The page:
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"Amillennialism 101" -- Audio and On-Line Resources
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"The Image of the Invisible God" -- Colossians 1:15-23

The Third in a Series of Sermons on Paul's Letter to the Colossians

Whatever the Colossian Heresy was exactly, Paul’s answer to it is to show forth the supremacy of Jesus over all things.  To do that, Paul utilizes an early Christian hymn which speaks of Jesus as the very image of God and the creator of all things, who, in his work of new creation, delivers his people from the consequences of Adam’s fall–sin and death-reconciling them to God and calling them into his church, of which, He, Jesus, is the head.  The content of this hymn provides Christians with some of the most important teaching about Jesus found anywhere in the New Testament–a so called “high” Christology–and sets the stage for much of what follows in the balance of Paul’s letter to the church in Colossae.  Paul utilizes this hymn to set forth Jesus as the only one in whom true spiritual fullness is found (contrary to the false teachers promoting the Colossian heresy), as well as to make the point that because Jesus is creator of all things, he is that one who delivers his people from the realm of darkness (vain philosophy, human traditions, religious legalism).  

As we continue our series on Colossians, we will take up a passage loaded with doctrinal content about the person and work of Jesus.  In his incarnation, the second person of the Holy Trinity, Jesus, takes to himself a true human nature in the womb of the virgin, conceived by the supernatural power of the Holy Spirit.  While the gospels focus upon the events surrounding the miraculous conception and birth of Jesus, the New Testament epistles often focus upon the meaning of Jesus’ person and work, including a discussion of Christ’s two natures–one human, one divine–yet which exist in one person, Jesus the Christ, along with detailed reflection upon his saving work on the cross and in his bodily resurrection from the dead.  All of this is found in the “Christ hymn” of Colossians 1:15-20.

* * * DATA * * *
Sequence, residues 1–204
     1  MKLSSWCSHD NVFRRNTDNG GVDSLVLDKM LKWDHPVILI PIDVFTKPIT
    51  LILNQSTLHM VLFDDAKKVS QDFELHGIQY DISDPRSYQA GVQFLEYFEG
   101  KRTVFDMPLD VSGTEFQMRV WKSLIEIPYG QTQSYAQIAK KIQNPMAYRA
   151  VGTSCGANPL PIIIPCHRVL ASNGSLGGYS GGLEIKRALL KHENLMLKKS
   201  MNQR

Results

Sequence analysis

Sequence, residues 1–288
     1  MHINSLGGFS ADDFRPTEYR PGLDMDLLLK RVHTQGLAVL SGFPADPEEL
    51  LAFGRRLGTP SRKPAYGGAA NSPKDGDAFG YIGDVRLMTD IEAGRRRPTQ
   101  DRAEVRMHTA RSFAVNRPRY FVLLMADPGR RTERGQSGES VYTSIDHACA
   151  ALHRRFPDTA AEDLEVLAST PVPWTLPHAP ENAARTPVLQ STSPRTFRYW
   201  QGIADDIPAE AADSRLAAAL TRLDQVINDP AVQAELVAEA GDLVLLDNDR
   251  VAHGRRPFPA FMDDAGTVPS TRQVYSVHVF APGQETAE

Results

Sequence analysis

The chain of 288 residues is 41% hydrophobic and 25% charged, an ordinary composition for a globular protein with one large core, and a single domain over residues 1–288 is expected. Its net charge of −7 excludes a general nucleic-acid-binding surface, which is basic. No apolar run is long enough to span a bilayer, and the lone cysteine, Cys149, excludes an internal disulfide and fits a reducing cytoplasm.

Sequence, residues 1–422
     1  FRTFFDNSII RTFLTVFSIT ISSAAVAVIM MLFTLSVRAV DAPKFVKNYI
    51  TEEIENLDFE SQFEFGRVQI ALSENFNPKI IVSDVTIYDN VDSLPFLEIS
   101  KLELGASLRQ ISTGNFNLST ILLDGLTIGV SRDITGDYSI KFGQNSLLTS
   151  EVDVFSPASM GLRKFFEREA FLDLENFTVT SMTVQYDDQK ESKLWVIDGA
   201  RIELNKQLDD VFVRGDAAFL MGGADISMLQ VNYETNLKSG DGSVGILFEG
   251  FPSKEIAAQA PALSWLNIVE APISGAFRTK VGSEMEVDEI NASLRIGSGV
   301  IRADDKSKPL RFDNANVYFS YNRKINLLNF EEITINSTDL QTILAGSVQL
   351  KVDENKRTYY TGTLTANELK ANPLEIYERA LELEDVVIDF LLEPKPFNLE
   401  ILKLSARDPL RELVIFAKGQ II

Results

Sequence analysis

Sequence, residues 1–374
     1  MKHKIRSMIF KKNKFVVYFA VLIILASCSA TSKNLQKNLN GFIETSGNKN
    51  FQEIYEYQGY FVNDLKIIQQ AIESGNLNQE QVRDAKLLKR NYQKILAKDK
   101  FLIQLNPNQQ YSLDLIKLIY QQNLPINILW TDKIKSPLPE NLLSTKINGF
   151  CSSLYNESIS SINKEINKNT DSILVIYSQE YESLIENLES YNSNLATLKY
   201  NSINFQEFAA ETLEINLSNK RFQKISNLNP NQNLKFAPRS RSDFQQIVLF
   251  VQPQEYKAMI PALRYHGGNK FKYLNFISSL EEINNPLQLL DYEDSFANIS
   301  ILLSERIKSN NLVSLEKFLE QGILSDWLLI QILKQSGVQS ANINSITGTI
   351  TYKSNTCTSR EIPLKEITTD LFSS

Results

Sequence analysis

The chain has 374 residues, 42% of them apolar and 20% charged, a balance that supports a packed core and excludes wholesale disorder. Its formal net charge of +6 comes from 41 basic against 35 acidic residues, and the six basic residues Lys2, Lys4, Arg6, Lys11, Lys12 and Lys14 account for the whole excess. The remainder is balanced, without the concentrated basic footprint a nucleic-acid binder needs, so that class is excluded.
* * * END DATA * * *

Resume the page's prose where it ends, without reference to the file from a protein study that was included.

No sooner had the apostolic churches been founded, these churches soon encountered those who either misunderstood, or else intentionally distorted, what was revealed about Jesus in the gospels, and which was proclaimed and taught by the apostles.  The Colossian heresy is one of those instances in which false teaching arose in one of these newly-founded churches in the Lycus Valley in Asia Minor.  When this false teaching was brought to Paul’s attention by Epaphras, the founding pastor of the church in Colossae, the apostle responds with this letter, the Epistle to the Colossians.  As F. F. Bruce puts it, “the intelligent appreciation for the doctrine of Christ is the best safeguard against most forms of heretical teaching and certainly against that which was currently threatening the peace of the Colossian Christians.”  The same holds true today.  The more we know about the person and work of Jesus, the more successful we will be in our witness to others, the greater our personal devotion to him, and the better our response to those who challenge our faith, much as the Colossians were experiencing.

In Colossians 1:15-20, part of our text this morning (we will get as far as verse 23), we come to another of the so-called “Christ hymns” found throughout the writings of Paul.  We recently covered a similar Christ hymn, the so-called Carmen Christi of Philippians 2:6-11, which, you may recall has a similar literary structure as well as similar content which uses highly exalted language of Jesus drawn from the Old Testament.  We do not know if these hymns were used in Christian worship before Paul incorporated them into his letters.  It is certainly a possibility that Paul composed them when writing the letters in which they appear, but they do seem to predate Paul.  Both Christ hymns identify Jesus as one with YHWH (i.e., Jesus is God), both speak of his incarnation (Jesus taking to himself a true human nature), and in both Philippians 2 and here, Paul draws heavily upon Old Testament passages which foretell, or prefigure the coming of Jesus as Israel’s Messiah and the Son of God.  If we wish to be good students of Paul, we need to train ourselves to look for these echoes and allusions to the Old Testament (especially from the Psalms) which are found throughout his letters.

To read the rest of this sermon:  Click Here

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